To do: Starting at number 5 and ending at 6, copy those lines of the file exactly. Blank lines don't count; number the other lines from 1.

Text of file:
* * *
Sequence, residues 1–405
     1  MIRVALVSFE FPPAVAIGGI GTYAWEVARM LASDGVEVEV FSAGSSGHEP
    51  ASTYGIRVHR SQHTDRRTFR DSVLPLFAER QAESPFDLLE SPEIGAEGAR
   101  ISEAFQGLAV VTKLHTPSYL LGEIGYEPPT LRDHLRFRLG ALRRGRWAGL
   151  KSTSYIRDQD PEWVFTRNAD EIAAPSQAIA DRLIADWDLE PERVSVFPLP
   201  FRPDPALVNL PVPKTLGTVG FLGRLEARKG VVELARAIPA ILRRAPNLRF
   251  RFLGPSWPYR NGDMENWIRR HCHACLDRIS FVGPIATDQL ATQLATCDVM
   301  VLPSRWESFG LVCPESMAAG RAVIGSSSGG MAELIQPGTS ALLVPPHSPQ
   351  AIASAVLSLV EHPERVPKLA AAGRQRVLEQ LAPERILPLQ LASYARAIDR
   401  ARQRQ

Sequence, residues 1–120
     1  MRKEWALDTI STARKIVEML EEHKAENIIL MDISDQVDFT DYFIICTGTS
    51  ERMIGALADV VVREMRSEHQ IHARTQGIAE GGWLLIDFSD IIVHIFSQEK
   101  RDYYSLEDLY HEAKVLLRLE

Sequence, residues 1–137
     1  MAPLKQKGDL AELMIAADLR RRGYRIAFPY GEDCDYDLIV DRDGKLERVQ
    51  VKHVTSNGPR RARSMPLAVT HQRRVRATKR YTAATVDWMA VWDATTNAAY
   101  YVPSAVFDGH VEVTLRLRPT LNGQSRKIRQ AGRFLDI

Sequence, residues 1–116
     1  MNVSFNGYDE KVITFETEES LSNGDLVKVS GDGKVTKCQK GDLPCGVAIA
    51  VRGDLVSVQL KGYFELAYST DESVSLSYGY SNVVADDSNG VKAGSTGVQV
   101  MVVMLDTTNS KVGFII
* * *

   151  KSTSYIRDQD PEWVFTRNAD EIAAPSQAIA DRLIADWDLE PERVSVFPLP
   201  FRPDPALVNL PVPKTLGTVG FLGRLEARKG VVELARAIPA ILRRAPNLRF